WASHINGTON, D.C. – The more than $400 billion in federal funds distributed in two rounds of stimulus payments during the initial phases of the coronavirus pandemic helped lift 11.7 million Americans out of poverty.
That’s the conclusion of data contained in the Supplemental Poverty Measure (SPM) report released by the U.S. Census Bureau on Sept. 14.
“The official U.S. poverty rate was 11.4 percent (in 2020), up by 1 percent from 2019,” according to Census spokesman Mike Friedrich.
But Kalee Burns, an economist in the Poverty Statistics Branch of the Census Bureau says that the bad news from 2020 would have been much worst without those stimulus checks.
Absent government financial intervention, the SPM report indicates the U.S. poverty rate would have risen by 3.6 percent to 14 percent.
That financial intervention came in the form of two waves of direct payments to individuals authorized by the $2 trillion Coronavirus Aid Relief and Economic Security (CARES) Act in 2020 and the $1.9 trillion American Rescue Plan Act (ARPA) in 2021.
Along with numerous grants to states and industries as well as extended unemployment benefits, those statutes allocated more than $400 billion in direct payments of $1,200 to individuals and $500 to families per dependent child.
According to the U.S. Office of Management and Budget, the poverty level threshold for a family of four in 2020 was a household income of $26,496.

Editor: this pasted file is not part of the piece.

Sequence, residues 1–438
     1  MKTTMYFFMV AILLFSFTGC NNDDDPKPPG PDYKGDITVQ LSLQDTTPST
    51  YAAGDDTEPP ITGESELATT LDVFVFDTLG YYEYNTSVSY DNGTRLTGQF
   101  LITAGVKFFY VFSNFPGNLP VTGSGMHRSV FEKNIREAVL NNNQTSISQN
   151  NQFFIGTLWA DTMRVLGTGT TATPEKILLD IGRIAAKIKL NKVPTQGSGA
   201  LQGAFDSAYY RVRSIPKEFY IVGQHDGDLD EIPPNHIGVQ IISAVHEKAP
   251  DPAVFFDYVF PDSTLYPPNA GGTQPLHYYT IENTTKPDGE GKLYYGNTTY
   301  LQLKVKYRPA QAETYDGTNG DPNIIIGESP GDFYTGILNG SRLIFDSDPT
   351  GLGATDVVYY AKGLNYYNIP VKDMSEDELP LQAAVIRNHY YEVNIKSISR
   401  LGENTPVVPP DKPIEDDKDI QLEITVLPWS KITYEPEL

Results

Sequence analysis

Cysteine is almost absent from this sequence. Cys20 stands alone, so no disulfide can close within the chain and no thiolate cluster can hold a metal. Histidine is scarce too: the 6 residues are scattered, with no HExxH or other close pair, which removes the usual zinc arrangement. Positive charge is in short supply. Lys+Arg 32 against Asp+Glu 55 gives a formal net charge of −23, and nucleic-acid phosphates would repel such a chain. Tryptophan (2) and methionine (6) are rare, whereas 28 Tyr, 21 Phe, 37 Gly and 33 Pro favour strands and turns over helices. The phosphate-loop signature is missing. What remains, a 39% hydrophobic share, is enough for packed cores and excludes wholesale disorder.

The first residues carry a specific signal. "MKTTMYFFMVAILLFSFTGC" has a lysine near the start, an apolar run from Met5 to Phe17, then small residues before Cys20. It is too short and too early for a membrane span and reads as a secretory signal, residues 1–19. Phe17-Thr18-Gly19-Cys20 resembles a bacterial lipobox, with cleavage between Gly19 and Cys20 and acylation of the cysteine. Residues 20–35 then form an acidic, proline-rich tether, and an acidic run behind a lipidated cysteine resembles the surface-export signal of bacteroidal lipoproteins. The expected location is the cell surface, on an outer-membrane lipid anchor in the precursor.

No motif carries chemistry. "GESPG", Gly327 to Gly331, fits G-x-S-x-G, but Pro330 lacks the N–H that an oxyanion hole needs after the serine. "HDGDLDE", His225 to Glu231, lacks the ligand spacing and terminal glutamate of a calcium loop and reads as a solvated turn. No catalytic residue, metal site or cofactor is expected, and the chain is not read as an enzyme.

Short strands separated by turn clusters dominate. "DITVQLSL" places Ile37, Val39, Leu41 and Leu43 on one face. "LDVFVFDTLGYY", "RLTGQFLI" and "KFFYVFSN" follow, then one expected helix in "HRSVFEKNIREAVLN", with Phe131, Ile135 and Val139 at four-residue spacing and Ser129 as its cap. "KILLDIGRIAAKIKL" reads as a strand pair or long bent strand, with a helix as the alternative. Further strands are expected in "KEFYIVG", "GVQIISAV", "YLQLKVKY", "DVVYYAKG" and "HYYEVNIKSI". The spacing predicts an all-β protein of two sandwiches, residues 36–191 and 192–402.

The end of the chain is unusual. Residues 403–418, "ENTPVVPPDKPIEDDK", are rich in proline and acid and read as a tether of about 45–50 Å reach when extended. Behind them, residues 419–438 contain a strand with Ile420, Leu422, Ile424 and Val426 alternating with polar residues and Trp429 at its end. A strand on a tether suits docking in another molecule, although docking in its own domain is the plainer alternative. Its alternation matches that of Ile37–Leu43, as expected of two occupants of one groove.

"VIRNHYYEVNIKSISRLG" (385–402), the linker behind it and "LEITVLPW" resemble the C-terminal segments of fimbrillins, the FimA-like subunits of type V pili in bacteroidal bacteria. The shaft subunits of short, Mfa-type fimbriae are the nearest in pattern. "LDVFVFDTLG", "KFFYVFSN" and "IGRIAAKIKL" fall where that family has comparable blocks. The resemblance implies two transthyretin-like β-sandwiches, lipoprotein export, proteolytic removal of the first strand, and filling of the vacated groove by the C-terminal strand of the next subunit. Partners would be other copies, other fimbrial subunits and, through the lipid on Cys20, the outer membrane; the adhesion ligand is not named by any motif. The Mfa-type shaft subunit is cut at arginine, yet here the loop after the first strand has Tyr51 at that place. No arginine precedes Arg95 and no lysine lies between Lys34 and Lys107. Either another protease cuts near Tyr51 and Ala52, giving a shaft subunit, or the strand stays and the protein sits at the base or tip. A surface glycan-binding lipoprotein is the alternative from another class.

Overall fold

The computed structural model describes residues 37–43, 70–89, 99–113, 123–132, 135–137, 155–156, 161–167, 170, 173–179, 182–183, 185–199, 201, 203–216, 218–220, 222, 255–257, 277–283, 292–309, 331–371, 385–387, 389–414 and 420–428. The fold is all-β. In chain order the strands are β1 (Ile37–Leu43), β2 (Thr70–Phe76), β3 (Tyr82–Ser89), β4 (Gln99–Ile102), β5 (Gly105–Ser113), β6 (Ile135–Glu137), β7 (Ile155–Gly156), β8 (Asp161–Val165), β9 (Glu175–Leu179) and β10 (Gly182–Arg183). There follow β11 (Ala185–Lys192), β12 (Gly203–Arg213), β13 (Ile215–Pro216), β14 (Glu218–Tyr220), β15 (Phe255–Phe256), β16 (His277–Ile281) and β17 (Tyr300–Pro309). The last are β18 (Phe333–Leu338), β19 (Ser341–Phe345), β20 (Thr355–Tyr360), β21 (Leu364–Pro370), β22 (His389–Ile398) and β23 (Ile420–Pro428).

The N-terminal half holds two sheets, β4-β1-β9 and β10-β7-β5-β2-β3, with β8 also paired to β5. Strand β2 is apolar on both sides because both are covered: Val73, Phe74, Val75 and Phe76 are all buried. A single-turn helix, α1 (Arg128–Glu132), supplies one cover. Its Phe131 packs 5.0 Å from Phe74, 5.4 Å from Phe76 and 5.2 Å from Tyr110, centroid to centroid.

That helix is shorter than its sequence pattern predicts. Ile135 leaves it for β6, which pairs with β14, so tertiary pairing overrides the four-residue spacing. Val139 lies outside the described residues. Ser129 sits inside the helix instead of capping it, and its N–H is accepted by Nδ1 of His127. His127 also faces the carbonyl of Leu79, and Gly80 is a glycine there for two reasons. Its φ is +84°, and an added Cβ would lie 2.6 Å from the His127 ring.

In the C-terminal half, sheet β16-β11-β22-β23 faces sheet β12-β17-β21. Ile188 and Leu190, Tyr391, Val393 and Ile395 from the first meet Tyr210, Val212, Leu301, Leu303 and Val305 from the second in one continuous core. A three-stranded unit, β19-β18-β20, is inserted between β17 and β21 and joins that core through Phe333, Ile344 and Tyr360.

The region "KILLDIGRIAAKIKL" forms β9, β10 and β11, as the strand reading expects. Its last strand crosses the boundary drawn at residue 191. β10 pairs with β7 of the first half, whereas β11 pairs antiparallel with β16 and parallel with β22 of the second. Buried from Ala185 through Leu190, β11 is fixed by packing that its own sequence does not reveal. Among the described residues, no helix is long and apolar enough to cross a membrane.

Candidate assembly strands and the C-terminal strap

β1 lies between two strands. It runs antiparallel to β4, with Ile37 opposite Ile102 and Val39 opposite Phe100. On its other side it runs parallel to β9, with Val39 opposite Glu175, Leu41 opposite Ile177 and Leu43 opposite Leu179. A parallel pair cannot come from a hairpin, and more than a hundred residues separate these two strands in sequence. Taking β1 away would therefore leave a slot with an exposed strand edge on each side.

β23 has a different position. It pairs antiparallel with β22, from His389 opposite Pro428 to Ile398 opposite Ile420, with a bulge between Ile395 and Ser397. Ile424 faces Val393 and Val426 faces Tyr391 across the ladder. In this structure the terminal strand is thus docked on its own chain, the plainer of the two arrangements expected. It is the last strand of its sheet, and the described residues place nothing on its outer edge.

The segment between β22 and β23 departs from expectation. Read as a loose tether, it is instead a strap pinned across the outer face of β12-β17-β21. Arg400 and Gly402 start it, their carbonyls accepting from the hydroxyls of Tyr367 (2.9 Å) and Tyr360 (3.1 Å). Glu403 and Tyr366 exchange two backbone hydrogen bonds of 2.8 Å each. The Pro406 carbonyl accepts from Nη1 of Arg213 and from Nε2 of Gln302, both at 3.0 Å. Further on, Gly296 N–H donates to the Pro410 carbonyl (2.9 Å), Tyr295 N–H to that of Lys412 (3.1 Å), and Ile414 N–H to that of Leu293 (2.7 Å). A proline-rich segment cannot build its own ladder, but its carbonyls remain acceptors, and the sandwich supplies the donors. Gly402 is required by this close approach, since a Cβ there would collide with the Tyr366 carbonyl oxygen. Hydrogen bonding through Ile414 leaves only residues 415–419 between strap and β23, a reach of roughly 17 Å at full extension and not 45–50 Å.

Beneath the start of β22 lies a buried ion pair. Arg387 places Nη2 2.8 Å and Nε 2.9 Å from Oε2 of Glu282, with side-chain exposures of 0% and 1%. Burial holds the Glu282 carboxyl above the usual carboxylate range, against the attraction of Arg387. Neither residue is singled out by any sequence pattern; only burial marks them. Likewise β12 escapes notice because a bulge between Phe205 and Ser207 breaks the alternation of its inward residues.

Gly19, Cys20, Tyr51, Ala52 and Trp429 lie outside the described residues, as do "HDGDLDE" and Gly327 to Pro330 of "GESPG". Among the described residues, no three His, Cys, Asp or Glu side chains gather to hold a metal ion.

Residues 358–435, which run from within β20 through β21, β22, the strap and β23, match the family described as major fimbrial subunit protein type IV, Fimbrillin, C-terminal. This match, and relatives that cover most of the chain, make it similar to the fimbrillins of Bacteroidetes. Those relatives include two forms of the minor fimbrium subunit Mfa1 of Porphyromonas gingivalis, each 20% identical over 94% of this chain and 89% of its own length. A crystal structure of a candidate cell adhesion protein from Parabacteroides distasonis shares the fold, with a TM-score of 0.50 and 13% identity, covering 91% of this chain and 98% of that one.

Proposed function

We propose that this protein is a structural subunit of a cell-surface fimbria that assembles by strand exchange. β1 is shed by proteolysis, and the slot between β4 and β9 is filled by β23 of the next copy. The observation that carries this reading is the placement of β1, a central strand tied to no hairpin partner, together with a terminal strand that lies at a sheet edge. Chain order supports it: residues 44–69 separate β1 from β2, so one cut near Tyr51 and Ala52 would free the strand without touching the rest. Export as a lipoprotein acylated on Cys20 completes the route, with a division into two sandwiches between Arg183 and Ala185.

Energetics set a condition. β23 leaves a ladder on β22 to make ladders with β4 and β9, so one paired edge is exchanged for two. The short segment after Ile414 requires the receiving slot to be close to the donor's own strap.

Census data says there were 37.2 million Americans living in poverty in 2020, approximately 3.3 million more than in 2019.
The newly released SPM report indicates that the number of Americans living in poverty would have been 45.6 million in 2020 without the impact of the federal stimulus checks.
The largest group of individuals lifted out of poverty by the stimulus payments was 6.4 million adults between 18 and 64 years of age.
That group includes 2.6 million Non-Hispanic White individuals and 1.3 million African-Americans.
The stimulus checks also significantly reduced the number of children of various races and ethnic groups experiencing poverty.
The poverty rate for African-American children was reduced by 6.8 percent points, down to 16.9 percent from 23.7 percent in 2019. That reduction represented more than 750,000 African-American children lifted out of poverty by stimulus payments.
The stimulus payments also reduced the Hispanic child poverty rate by 6.8 percent, benefiting 1.3 million Hispanic children.
Additionally, 1 million Non-Hispanic White children and more than 150,000 Asian-American children were lifted out of poverty by the stimulus payments.
The SPM report is an addendum to the Census Bureau’s Current Population Survey Annual Social and Economic Supplement, which is administered each year between February and April by telephone and in-person polling.